For the latter case, I chose a program that will teach species counterpoint. Unfortunately, it took longer than expected to complete stage 1.

# Implementing Eliza in Wolfram Language (Overall Design considerations)

Eliza was originally written as a command-line program. I found an implementation in the Wolfram Library from 1992 by Matthew Markert that only really worked as a command-line program. However, I wanted to use a modern UI --- to make it resemble a modern chat program like Messages --- so a command line was out of the question.

The program has two basic parts: the UI and the natural language parser. The UI part is relatively easy to implement in Wolfram Language:

Framed[Column[{
makeConversationRowFromText["I'm very depressed", True, 500] ,
makeConversationRowFromText["Sorry to hear that. Can you tell me more?", False, 500] ,
makeConversationRowFromText[
"My research is going nowhere. No one understands what I am doing, and I am in danger of losing my funding!", True, 500] ,
makeConversationRowFromText["That's too bad.", False, 500] ,
makeConversationRowFromText["Is that the best you can do?", True, 500] }]]


However, one key part of the UI is the section where the user enters text. This part of the user interface proved to be much more difficult to implement. In the program, the program presents a place for the user to enter text (e.g. a field with a prompt), and waits until the user is done (hits the ENTER key or equivalent), and then processes the entered text. The program then returns to the prompt. We need to maintain this structure, while also allowing the entire chat-bot to be implemented as a panel in a larger program.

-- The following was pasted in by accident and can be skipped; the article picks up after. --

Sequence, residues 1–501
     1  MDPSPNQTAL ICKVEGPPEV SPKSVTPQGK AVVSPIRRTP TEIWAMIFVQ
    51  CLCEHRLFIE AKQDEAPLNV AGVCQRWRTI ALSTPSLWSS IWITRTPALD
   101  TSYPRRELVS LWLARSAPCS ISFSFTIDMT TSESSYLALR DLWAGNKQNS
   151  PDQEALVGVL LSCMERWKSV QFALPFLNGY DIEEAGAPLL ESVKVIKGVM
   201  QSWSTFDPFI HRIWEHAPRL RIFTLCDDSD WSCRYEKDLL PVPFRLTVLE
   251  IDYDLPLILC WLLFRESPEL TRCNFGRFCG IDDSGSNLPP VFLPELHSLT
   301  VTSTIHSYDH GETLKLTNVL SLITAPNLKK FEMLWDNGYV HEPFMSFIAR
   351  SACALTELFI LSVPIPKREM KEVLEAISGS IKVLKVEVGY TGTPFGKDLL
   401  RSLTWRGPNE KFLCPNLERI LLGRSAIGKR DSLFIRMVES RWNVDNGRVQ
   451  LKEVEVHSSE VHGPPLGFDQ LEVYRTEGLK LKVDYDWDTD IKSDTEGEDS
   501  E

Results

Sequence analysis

# Three options for interactive text input

## InputString[]

InputString[] is the most primitive of the three functions, introduced in version 1.0 (revised in version 10). This is the proper choice for a command-line program. When used with a GUI, the input field appears in a separate dialog window. However, with a little work, a passable UI could be implemented

Module[{myString="", conversationPod = makeConversationRowFromText["How can I help you", False, 500],
conversations ,nPods,imDone = False},

conversations = {conversationPod};
While[!imDone,
nPods = Min[6, Length[conversations]];
myString =InputString[Column[Take[conversations, -nPods]], WindowSize->550, WindowTitle->"Eliza]["];
If [(myString != "bye"),
(
conversationPod = makeConversationRowFromText[myString, True, 500];

AppendTo[conversations, conversationPod];
conversationPod = makeConversationRowFromText["Clever response from Eliza here", False, 500];

AppendTo[conversations, conversationPod];
),
(
imDone = True;
conversationPod = makeConversationRowFromText[myString, True, 500];
AppendTo[conversations, conversationPod];
conversationPod = makeConversationRowFromText["It was a pleasure chatting with you.", False, 500];
AppendTo[conversations, conversationPod];

)];
]
]


The problem with this is that the dialog closes and re-opens with every input, and the final input never appears.

## FormFunction[]

This function was introduced in Version 10, and is intended to be used primarily with web-forms. However, it does meet the formal requirements for program flow.

getMyString = FormFunction[{"entry" -> "String"}, #[[1]] & ]
testString = getMyString[];
testString


"test of string entry.?"

The only problem with this solution fact that it can't be simplified to eliminate the "submit" button in favor of just using return or tab. It probably would not do for commercial code, but for research purposes, it is sufficient. We can make a prototype application: